Through its first six episodes (which were all that were provided to press), Poker Face sets itself on a comfortable course through a wild and diverse American landscape marked by nursing homes, dinner theaters, heavy metal clubs, and backwater radio stations. It’s a journey that’s meant to be up and down, and no doubt will be, depending on which Hollywood luminary pops up at a given site. With Lyonne and Johnson at the helm, though, the series proves to be a gamble—on old-school style, attitude and convention—that consistently pays off.”
Skip: Maybe I Do
Maybe I Do piles a bunch of Hollywood legends into one room and gives them a tired and convoluted script to act their way out of. A word of wise to Diane Keaton’s agent: Maybe she shouldn’t.
Here’s Fletcher Peters’ take:
“Last year, The Daily Beast published an article titled “The Rom-Com Revival Is Real!” in reference to the announcement that Richard Gere, Diane Keaton, Susan Sarandon, and more would be teaming up for a love story together. That movie, Maybe I Do, has now arrived. After seeing the film, I insist that we rescind this headline—even if the revival of the romantic comedy does exist, it’s got nothing to do with this godawful film.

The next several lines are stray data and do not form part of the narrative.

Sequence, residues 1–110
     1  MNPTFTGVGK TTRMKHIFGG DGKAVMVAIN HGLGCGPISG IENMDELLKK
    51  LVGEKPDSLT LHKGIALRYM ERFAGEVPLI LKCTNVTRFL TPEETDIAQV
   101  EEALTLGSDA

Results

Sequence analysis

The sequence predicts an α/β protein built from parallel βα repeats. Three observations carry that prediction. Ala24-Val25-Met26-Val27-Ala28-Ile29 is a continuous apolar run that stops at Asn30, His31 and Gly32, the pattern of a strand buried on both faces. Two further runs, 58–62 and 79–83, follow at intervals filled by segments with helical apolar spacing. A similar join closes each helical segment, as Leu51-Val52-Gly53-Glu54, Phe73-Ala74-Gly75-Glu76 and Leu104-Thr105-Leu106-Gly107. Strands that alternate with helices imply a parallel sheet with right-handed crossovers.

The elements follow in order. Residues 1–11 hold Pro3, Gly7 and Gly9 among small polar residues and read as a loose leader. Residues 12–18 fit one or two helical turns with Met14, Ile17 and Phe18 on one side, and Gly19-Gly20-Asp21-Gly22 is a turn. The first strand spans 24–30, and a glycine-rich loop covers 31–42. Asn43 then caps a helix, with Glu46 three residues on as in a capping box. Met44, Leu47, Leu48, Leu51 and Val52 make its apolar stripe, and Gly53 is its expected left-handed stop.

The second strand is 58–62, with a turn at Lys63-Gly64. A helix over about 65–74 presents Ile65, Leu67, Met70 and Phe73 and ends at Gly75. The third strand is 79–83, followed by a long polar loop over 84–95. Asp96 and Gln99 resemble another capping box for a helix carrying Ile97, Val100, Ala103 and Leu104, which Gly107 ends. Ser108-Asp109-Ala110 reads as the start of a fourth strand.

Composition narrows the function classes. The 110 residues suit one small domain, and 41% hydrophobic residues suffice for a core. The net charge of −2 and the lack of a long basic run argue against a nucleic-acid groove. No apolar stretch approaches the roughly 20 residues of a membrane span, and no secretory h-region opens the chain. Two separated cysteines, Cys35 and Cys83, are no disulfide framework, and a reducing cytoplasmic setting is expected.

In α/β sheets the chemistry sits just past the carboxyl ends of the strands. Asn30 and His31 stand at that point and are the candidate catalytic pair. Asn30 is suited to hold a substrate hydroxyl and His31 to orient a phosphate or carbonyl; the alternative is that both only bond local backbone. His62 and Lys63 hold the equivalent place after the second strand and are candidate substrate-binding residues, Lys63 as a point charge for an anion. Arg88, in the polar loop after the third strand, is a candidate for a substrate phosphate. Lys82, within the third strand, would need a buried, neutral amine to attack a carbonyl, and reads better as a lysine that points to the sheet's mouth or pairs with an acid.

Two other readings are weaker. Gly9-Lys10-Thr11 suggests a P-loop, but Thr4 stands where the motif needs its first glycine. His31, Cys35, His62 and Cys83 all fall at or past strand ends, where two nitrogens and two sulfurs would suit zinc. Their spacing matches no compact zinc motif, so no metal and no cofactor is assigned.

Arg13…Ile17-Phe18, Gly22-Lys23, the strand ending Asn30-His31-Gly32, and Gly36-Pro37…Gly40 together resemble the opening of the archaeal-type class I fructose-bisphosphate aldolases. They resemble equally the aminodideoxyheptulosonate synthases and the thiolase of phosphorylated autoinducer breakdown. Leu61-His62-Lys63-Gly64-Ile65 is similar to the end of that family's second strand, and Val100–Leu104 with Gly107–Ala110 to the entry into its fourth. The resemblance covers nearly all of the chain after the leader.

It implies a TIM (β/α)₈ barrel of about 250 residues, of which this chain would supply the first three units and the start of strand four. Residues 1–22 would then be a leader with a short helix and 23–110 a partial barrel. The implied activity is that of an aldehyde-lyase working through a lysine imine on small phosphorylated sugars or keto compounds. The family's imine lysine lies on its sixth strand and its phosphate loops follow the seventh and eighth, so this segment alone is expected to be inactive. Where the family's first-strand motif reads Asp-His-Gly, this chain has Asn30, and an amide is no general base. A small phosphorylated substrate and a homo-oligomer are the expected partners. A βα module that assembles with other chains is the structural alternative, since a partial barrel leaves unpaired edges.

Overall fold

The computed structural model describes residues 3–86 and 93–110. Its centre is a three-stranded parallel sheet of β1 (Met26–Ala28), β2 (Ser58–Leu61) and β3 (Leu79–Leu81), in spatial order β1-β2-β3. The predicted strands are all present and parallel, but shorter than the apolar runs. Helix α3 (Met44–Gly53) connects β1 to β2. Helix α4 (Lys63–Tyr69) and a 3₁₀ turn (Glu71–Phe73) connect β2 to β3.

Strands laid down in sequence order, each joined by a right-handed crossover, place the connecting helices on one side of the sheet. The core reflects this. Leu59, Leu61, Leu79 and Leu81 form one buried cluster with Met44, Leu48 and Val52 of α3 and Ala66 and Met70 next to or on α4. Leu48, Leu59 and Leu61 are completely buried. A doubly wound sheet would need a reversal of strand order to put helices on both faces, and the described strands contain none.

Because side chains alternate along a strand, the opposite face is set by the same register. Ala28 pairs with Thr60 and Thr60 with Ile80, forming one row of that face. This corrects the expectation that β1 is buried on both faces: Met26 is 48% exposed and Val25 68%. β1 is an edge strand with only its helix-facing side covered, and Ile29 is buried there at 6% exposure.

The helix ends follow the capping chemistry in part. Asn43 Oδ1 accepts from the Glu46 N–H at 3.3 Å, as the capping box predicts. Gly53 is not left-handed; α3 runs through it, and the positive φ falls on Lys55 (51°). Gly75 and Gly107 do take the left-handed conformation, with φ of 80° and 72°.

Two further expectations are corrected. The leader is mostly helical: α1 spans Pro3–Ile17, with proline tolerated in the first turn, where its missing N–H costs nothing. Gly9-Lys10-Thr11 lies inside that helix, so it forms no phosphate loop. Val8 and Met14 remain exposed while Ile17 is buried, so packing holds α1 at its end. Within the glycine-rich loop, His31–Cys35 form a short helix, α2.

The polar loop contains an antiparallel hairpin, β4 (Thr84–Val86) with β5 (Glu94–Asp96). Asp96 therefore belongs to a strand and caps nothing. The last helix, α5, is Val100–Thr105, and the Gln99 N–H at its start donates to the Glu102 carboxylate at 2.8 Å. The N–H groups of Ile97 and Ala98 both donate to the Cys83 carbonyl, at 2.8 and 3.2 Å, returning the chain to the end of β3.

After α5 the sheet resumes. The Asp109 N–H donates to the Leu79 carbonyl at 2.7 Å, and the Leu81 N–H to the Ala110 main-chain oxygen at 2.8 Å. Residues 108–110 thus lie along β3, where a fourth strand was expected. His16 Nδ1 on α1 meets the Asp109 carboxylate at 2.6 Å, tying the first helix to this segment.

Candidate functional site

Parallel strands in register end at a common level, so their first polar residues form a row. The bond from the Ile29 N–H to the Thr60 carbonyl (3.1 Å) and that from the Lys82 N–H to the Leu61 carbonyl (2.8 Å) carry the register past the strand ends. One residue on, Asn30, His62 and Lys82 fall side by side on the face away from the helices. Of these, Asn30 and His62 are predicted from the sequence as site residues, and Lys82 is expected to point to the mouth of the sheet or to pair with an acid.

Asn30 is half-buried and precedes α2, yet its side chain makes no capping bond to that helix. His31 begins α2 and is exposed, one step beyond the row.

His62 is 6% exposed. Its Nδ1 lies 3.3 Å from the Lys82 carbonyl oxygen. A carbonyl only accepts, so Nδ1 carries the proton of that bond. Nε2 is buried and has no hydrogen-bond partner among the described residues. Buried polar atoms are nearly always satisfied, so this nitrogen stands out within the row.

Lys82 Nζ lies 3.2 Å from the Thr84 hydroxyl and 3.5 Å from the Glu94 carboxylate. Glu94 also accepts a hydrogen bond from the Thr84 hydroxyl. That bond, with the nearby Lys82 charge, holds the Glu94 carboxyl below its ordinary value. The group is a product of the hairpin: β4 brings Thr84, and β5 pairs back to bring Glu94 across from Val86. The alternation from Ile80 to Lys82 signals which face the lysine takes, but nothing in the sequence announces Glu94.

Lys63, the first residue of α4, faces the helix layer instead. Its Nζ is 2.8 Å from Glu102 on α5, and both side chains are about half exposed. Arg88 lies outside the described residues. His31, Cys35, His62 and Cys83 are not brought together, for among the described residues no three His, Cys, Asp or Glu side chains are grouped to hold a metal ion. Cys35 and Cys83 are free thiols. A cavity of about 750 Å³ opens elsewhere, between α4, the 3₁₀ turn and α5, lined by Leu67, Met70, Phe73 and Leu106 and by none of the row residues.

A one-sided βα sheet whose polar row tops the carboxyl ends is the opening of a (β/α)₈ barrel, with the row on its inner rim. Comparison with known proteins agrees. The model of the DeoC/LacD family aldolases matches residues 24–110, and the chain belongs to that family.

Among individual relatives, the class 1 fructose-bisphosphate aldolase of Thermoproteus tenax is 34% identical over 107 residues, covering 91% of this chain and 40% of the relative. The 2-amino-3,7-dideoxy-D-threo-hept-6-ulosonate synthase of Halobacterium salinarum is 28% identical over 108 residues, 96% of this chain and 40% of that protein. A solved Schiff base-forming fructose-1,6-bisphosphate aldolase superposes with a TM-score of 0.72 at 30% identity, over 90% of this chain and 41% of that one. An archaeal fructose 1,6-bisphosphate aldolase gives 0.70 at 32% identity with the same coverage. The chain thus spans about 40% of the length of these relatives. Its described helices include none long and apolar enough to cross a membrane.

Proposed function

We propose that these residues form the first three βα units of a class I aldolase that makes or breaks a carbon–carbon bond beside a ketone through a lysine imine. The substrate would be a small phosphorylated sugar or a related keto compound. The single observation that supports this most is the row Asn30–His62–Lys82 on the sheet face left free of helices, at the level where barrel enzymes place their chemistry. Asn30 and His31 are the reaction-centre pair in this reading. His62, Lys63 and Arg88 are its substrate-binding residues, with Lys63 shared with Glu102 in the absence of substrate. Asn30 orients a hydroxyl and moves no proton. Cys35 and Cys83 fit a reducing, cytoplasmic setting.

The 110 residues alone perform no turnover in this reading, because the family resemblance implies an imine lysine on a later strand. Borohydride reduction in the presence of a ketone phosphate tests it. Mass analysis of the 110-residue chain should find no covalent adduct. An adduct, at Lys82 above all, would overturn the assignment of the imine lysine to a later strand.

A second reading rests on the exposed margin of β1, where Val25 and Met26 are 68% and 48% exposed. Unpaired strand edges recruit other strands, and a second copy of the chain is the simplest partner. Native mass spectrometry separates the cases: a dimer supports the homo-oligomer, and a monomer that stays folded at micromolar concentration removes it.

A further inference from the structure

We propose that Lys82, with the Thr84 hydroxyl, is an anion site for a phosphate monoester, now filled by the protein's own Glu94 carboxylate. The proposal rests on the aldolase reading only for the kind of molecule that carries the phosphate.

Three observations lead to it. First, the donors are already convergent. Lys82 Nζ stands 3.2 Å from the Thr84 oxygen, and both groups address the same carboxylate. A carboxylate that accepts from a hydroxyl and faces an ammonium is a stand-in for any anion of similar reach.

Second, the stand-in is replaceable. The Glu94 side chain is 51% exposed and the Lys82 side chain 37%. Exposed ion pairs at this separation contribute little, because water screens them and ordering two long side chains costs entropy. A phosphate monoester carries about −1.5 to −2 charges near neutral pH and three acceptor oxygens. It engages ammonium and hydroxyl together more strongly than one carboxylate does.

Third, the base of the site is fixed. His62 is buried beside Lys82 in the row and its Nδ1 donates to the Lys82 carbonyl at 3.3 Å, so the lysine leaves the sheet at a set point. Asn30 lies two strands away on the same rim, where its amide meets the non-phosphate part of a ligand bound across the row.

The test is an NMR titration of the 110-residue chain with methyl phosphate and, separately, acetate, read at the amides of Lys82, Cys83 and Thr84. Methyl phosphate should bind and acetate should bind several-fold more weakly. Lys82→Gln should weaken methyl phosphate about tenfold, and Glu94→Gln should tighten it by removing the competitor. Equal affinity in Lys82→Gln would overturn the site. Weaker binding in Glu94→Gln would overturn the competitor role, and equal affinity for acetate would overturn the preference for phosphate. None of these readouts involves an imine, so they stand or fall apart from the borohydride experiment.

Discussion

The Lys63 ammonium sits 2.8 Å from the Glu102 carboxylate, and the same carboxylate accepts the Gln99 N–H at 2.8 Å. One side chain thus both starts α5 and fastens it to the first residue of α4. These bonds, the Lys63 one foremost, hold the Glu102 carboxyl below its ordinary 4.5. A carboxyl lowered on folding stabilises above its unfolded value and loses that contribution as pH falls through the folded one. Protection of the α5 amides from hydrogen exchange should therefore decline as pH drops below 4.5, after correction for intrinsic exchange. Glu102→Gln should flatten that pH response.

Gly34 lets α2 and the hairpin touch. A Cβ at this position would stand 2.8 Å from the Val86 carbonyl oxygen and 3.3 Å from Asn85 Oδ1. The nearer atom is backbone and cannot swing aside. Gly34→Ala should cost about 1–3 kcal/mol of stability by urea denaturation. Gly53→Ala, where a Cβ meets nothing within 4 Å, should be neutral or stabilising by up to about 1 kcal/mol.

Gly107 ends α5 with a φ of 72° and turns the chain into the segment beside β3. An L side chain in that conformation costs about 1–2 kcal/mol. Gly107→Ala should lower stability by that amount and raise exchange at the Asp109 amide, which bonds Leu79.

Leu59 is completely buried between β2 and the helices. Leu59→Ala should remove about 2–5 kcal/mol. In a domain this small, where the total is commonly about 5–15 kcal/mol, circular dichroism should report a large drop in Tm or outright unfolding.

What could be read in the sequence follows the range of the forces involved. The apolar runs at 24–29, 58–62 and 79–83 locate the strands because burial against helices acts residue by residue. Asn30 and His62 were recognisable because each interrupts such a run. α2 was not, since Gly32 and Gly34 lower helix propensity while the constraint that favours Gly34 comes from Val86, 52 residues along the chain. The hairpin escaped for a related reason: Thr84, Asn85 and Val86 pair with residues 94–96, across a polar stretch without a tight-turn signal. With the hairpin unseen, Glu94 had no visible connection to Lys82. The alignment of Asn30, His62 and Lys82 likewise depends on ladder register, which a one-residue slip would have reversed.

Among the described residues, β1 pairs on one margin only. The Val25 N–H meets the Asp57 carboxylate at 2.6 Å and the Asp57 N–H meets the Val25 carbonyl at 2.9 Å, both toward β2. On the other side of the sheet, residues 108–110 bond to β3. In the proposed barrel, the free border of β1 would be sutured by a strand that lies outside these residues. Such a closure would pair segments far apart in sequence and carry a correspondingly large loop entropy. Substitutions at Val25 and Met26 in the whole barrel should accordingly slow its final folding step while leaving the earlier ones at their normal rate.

Diane Keaton and Susan Sarandon Destroy the Rom-Com in Cynical Mess ‘Maybe I Do'
One might think that, by combining big stars like Gere, Keaton, Sarandon, Emma Roberts, William H. Macy, and Luke Bracey, the movie doesn’t even need to be good. Can’t it survive off of star power alone? No. Absolutely not. We saw this happen with Ticket to Paradise, last year’s utter trainwreck featuring Julia Roberts and George Clooney as two divorced parents bickering at their daughter’s wedding. No matter how splashy your stars may be, nothing can make up for a terrible, unfunny script devoid of all romance.”
Skip: You People
You People is another hamfisted Netflix comedy from Kenya Barris, who writes with all the subtlety of a flaming semi-truck driving through a natural gas plant. Eddie Murphy and Julia Louis-Dreyfus deserve so much better.
Here’s Kyndall Cunningham’s take:
“In 2023, Kenya Barris is the sort of auteur who evokes immediate eye-rolling and straight-up outrage upon the release of a new project. Such was the response to his first Netflix venture #blackAF, released at the start of the pandemic. Black Twitter, as well as some TV critics, raised a number of objections to the one-season sitcom. Among them were Barris’ apparent preference for casting light-skinned women, the show’s awkwardly inserted lectures on slavery, and, of course, that silly title. The prequel to Barris’ hit ABC show Black-ish, the interracial family-based comedy Mixed-ish, garnered many of the same complaints.
‘You People’ Furthers ‘Black-ish’ Creator’s Obnoxious Racial Agenda
With Jonah Hill and Eddie Murphy at the center, You People had the potential to fit in some laughs, even if the overall material is lacking. But almost every single joke and line of dialogue in You People is some cringy, unfunny gag about racism or a mocking depiction of corny white people. You can tell there’s a fair share of improvising, as much of the cast’s main players are known to do. However, these exchanges go on for too long, or it takes an awkward amount of time for a joke to land. In general, the film’s humor lacks the provocative punch it thinks it’s offering, as is par for the course with Barris’ works.